Hydnocarpus wightiana seed oil

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Hydnocarpus wightiana or Chaulmoogra is a tree in the Achariaceae family. The oil from its seeds has been widely used in Indian medicine and Chinese traditional medicine for the treatment of leprosy. It entered early Western medicine in the nineteenth century before the era of sulfones and antibiotics for the treatment of several skin diseases and leprosy.[1]

Common names[edit]

Common name: Jangli Almond

  • Hindi: कालमोगरा Calmogara, Chalmogra, Chaulmoogra,[2] Jangli badam
  • Kannada: Chalmogra yenne mara, Mirolhakai, Surti, Suranti, Toratti
  • Malayalam: Kodi, Maravatty, Marotti, Nirvatta, Nirvetti
  • Marathi: Kadu Kawath
  • Sanskrit: Tuvaraka, Turveraka, Tuvrak, कुष्टवैरी Kushtavairi
  • Tamil: Maravetti, Maravattai, Marotti
  • Telugu: Niradi-vittulu

Botanical name[edit]

Hydnocarpus pentandrus (Buch.-Ham.) Oken Hydnocarpus pentandrus Family: Flacourtiaceae (Coffee Plum family) Synonyms: Chilmoria pentandra, Hydnocarpus laurifolia


In India: It grows Tropical forests along western Ghats, along the coast in Maharashtra to Kerala, Assam, Tripura, often planted on road sides in hilly areas.

Other countries: The tree is found in South East Asia, chiefly in Indo Malayan region. cultivated in Sri Lanka, Nigeria and Uganda.[3]


This is a tree up to 10 m tall,The tree is deciduous and as well as ever green too.. Bark is brownish, fissured; blaze pinkish. Branch lets are round, minutely velvet-hairy. Leaves are simple, alternate, carried on 0.7−2.2 cm long stalks. Leaves are 8−23 × 3.5–10 cm, usually oblong to elliptic-oblong, tip long-pointed, often falling off, base narrow, margin toothed, papery, hairless. Midrib is raised above, secondary nerves 5−7 pairs. Flower s are borne in short cymes or solitary, in leaf axils. Petals are white. Berry is woody, round, 6–10 cm across usually brown tomentose, black when young; seeds numerous[2]/The flowering takes place from to January to April.flowers are greenish white in color,grow solitary or recemes[3]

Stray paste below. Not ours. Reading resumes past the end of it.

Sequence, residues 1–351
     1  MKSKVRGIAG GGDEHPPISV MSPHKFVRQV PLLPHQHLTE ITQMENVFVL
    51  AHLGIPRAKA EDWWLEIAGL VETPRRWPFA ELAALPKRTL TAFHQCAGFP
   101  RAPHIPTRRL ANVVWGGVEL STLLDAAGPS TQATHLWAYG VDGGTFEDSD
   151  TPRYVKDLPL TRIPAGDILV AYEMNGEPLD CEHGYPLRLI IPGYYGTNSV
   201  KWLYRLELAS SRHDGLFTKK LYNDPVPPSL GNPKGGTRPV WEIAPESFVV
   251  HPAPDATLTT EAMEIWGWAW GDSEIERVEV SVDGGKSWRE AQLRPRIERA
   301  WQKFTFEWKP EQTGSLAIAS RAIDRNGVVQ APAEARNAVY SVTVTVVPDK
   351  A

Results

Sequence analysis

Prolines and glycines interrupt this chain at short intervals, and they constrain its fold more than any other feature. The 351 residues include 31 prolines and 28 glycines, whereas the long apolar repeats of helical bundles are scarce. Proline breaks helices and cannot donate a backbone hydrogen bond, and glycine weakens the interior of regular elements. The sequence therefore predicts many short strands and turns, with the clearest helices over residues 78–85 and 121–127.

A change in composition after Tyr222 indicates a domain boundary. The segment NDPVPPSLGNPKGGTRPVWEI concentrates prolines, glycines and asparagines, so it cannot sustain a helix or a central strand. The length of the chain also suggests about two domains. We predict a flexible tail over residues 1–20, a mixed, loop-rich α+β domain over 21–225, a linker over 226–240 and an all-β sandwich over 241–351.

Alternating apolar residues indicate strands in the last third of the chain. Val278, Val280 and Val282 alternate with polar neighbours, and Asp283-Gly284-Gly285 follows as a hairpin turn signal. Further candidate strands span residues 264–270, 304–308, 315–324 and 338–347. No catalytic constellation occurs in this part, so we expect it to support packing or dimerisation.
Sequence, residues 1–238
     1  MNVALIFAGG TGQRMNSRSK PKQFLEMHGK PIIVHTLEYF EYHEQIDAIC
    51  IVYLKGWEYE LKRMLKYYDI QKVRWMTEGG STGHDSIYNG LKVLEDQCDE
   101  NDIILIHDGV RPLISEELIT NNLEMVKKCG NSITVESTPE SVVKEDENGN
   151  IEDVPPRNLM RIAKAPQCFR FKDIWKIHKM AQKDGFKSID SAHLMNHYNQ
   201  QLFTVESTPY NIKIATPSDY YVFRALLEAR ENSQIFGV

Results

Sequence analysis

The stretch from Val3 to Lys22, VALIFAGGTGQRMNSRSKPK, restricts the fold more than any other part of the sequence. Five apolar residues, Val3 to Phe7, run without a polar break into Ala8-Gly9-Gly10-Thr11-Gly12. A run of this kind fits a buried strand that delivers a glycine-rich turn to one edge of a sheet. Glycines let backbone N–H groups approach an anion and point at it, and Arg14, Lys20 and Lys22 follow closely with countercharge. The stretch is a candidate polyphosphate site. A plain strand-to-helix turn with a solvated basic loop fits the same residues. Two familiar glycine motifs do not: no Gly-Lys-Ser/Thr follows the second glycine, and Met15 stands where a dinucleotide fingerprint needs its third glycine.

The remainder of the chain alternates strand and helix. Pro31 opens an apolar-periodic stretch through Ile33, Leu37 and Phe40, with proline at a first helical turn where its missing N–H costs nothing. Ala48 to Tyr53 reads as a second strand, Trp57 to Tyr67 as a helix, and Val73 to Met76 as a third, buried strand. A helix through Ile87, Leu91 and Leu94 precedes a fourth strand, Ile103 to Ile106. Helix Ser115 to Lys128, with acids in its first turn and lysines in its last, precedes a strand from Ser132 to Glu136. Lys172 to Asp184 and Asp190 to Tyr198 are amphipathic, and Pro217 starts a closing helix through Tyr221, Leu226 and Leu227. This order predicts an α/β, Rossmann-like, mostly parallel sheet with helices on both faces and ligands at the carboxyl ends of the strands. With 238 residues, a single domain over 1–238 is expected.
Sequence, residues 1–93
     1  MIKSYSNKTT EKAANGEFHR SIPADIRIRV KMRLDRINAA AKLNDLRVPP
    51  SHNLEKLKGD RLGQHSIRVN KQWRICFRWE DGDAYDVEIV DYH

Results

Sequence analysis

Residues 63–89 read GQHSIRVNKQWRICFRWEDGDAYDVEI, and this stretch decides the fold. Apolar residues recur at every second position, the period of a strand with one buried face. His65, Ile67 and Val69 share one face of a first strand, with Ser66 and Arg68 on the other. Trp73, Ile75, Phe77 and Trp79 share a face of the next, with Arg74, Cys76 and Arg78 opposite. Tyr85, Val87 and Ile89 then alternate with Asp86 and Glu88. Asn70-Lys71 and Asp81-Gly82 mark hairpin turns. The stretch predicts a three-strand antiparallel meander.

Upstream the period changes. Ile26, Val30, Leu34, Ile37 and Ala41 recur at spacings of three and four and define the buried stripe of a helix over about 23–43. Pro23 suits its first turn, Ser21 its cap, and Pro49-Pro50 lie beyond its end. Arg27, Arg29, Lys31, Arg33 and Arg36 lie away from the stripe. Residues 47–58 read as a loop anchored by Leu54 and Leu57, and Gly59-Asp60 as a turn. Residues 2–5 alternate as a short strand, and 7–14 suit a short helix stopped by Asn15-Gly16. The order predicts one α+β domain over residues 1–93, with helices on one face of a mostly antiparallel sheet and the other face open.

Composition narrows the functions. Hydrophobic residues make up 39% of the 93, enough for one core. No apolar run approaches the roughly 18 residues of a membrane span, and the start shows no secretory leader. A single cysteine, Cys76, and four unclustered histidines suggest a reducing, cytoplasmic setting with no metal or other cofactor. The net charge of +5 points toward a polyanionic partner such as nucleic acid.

Trees of the species that yield Chaulmoogra oil grow to a height of 12–15 m and in India trees bear fruits in August and September. The fruits are ovoid some 10 cm in diameter with a thick woody rind. Internally they contain 10-16 black seeds embedded in the fruit pulp. The seeds account for some 20% of the fruit weight. A typical tree produces 20 kg of seed/annum. The kernels make up 60−70% of the seed weight and contain 63% of pale yellow oil (mukherjee). The oil is unusual in not being made up of straight chain fatty acids but acids with a cyclic group at the end of the chain.[4] Seeds are ovoid, irregular and angular, 1 to 1 1/4 inches long, 1 inch wide, skin smooth, grey, brittle; kernel oily and dark brown. A fatty oil is obtained by expression, known officially as Gynocardia oil in Britain, as Oleum Chaulmoograe in the U.S.A.[5]

Collection and preprocessing − processing − extraction[edit]

Fruits plucked by climbing up to the tree or using long sticks with sickle tied to it. Fruits are peeled by knife and seed s are washed in water, and dried in sun.Seeds are decorticated by millet,hand hammers or by decoricator. Kernels yields 43% oil in ghani. Also crushed in expeller and rotary.Extracted oil is stored in Zinc barrels and exported[3]

Properties and fatty acid composition[edit]

The crude oil is of pale greenish-brown tinged. The oil can be easily into white, watery oil. The oil contains three cyclopentene fatty acids.

Table:fatty acid composition of oil[6]